Eliot’s adept writing skills are demonstrated in this poem, experimenting with the form of the dramatic monologue by removing the implied listeners and substituting them with Prufrock’s own self. How you may ask? Well go back to the start and read the first line, ‘Let us go then, you and I’. You and I are said to be the two personalities existing within the same persona, that of Alfred J. Prufrock-one which is shy and ashamed and another longing to be loved and looking for attention.  This is an example of a rift between the real self and ideal self that exists within the same individual. The greater dissimilarity between the two, the greater one is dissatisfied with oneself. Such is the case of Prufrock.

How Prufrock feels in the end of his monologue
How Prufrock feels in the end of his monologue

On reading the poem it is clear that Prufrock is a wallflower watching the world from his introverted perspective and he has lived long enough to wish that he were a part of the scene he was surveying. When Prufrock discusses the tedium of small talk and how he cannot indulge in the same, it is apparent that he is an introvert wanting to be an extrovert thus causing his dissatisfaction. This is probably what brought on what I consider to be a midlife crisis as he laments ‘I grow old…I grow old…’ Also, his self esteem seems to be attached primarily to attention received by women and hence both are severely lacking.  These are only some contributing factors to his inner turmoil which in turn defines him.

Now, moving on from poetry to prose, I started reading ‘A Room of One’s Own’, the feminist bible written by Virginia Woolf.

Virginia Woolf
Virginia Woolf

When she said, “A woman, in order to write fiction, must first have money and a room of her own.”, she inadvertently propounded the basic thesis underlying Maslow’s hierarchy, the humanistic approach to motivation. Maslow stated that in order for higher level needs such as the development of self esteem and close relationships to be satisfied, lower level needs of food, water, shelter and security need to be taken care of first. Only then will any individual become self actualised, a state wherein they find their unique potential and unlock it. By saying money and physical space are needed to cultivate the mind’s creativity, Woolf is saying just that-in a perhaps more literary manner. So did Woolf, the author of the feminist bible, unknowingly stumble upon the groundwork of a well known psychological theory? Yes but she was far too busy speaking about Oxbridge and Shakespeare’s imaginary sister Judith to realise. This calls into question whether, if Woolf had been the one to propose the hierarchy in her time, would it have been published in scientific journals and become as well established as it is today? It’s a difficult question and it seems as if only Virginia Woolf herself could have answered it. Ah, the irony.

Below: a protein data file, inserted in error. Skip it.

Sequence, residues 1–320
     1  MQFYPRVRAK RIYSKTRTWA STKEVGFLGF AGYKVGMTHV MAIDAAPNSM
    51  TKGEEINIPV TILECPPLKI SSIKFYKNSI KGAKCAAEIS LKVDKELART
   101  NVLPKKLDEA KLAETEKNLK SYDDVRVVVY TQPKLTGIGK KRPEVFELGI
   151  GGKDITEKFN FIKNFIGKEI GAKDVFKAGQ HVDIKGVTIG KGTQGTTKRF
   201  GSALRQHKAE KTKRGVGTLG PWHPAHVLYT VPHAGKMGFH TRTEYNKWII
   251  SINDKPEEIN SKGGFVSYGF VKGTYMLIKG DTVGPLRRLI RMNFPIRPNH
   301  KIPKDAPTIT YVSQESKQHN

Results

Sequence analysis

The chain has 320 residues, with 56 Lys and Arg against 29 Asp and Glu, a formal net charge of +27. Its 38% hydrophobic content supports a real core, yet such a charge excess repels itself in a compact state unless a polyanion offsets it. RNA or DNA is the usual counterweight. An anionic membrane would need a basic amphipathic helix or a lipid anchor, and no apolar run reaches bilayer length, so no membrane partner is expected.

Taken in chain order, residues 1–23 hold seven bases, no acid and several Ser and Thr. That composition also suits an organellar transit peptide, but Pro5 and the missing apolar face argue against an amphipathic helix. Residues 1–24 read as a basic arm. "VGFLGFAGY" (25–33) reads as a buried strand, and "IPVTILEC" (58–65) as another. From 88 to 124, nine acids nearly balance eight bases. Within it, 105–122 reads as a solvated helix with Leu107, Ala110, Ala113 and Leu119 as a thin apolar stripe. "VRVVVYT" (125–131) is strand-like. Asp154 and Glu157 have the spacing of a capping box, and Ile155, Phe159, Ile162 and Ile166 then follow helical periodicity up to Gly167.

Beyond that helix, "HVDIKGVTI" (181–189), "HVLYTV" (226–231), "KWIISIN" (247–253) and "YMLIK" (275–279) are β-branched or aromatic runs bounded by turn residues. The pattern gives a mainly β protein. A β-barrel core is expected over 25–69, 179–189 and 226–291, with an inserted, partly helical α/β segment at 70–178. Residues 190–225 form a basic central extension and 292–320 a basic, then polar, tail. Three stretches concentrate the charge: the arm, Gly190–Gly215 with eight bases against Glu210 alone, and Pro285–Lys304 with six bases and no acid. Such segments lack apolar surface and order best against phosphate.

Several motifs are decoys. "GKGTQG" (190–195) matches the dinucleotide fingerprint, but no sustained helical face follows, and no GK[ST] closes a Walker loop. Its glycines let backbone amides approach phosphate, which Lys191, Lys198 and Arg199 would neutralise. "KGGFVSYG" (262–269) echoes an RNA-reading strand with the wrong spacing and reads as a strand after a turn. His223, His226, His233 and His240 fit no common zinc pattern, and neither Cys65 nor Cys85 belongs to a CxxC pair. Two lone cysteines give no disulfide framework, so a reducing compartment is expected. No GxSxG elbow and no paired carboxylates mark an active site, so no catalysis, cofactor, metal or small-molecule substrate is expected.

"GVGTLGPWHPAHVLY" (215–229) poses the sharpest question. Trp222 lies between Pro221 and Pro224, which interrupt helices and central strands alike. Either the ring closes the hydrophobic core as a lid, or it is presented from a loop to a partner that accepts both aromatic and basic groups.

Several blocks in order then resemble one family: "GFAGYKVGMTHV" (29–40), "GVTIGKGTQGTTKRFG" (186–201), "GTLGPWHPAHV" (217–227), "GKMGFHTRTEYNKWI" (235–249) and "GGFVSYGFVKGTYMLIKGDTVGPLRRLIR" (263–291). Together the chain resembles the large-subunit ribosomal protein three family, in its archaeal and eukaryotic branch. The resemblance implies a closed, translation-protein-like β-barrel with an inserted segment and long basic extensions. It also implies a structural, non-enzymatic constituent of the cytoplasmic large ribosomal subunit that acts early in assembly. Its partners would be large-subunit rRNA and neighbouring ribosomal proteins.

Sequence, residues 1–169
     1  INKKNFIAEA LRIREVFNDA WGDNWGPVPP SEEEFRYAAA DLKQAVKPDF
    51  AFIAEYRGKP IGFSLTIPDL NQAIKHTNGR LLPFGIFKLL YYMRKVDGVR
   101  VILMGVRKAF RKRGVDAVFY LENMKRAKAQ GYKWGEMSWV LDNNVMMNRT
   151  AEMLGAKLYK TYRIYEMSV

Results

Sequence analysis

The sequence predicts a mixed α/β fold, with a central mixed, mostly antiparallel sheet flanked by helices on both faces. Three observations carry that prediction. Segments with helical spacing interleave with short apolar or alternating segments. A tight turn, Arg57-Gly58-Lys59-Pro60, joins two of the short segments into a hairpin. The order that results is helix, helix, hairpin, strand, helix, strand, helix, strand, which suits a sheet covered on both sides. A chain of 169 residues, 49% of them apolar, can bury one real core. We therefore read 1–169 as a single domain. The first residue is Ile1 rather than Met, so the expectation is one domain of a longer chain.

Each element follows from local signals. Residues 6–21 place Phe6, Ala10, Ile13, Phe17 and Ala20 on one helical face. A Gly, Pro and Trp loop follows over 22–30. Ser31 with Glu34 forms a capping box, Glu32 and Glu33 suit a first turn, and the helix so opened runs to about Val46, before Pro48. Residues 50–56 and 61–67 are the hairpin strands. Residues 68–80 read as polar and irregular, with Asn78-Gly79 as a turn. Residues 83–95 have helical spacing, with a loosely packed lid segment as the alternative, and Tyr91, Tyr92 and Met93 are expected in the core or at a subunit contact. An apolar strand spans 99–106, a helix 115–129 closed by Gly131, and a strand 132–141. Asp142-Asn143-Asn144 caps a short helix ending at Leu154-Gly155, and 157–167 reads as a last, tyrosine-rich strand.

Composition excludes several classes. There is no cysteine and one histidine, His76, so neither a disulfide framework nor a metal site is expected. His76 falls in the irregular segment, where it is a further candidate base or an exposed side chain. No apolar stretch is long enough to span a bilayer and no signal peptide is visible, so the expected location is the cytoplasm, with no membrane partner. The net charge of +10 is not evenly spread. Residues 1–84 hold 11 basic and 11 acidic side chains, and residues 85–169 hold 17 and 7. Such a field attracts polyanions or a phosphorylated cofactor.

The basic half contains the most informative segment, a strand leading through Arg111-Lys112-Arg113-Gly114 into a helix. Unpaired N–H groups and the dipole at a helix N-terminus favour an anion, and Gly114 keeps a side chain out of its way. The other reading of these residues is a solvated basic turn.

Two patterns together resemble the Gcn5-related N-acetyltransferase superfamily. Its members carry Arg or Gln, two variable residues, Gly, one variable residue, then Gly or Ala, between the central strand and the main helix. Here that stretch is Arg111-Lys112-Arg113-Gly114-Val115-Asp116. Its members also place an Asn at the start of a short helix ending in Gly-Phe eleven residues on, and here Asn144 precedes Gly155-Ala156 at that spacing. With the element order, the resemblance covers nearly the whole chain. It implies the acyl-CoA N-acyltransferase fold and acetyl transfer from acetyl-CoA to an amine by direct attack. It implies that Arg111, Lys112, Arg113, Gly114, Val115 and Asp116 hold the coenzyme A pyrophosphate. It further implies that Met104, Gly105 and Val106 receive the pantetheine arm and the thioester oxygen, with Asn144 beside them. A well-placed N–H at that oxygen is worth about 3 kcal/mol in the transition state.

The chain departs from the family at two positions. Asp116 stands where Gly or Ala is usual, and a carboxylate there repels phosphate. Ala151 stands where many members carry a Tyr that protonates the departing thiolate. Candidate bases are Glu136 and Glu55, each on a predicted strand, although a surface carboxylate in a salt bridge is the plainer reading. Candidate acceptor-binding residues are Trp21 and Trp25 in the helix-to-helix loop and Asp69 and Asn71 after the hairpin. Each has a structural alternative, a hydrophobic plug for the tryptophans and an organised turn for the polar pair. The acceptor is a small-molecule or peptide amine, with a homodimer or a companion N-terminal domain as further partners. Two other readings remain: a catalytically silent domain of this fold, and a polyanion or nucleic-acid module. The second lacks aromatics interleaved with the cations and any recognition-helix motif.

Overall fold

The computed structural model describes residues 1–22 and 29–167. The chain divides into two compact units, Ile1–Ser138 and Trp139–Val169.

Maslow's Hierarchy of Needs
Maslow’s Hierarchy of Needs

Sports Fans- The Wildest Species in the Human Serengeti

sports

Either you are a sports fan or you know one. It’s one or the other. Yes we’re crazy and sometimes annoying but hey, we already know that. That’s why we love heading down to our favourite sports bar- the watering hole for avid sports fans as we all know- and it’s funny what happens to people who don’t follow sports but they come along anyway.

A few friends and I went into a sports bar this week and one of them isn’t a big fan, but his point of view was refreshingly hilarious.The first thing he asked when we entered was, “What’s with everyone here?” Little did he know he would soon be one of us because what is with everyone is this: sports mania. And it’s very contagious, I might add.

What else does sports mania come with? Take a look at the confessions of a self professed sports fan:

We’re loud and we know it!

The sound of loud commentary bouncing off the walls and cheers from beer-boozing fans is nothing new at a sports bar. Be it football, cricket, basketball or hockey, let’s face it, we’re all the same. Loud. We also suffer from the delusion that the players on screen can hear us.

We’ve got sailor mouths and we kiss our mothers with ’em!

I’ll admit I’ve shouted my fair share of expletives at my team when they get stomped all over, but that’s only because I love them (sports fans know what I’m talking about). We share our love through curse words, so don’t mistake this for hostility!

We love our beer

So this is how it goes for us: Feeling on edge that your team is being crushed? Drink some beer. Is your team killing it? Good, drink some beer. Did your team win? Great, chug some beer. But…did your team lose? Chug it faster man, you sure need it.Yup, the classic combo of sports and beer is unbeaten.

We have a celebratory adrenaline rush

Almost as buzzing with energy as the players, we get a little carried away when we celebrate, going all out with the high fives, fist bumps, chest bumps. All this unfailingly leads to the spillage of beer but that’s the time when we no longer care.

We’re superstitious

Just like the players who wear the same sweaty old socks or jerseys with holes because they won a game in them, we have our own superstitions. For example, if the team starts losing as soon as you tune into the game then it will make you think you’re the reason and lead to the conclusion, however irrational it may be, that if you switch the channel they will play better so long as you’re not watching yourself. I know some who don’t even eat till their team wins!

NOTHING is ever as important as a live game

Someone’s knocking at the door? Don’t care.

Phone ringing? Don’t have time.

Building on fire? I”M WATCHING THE GAME!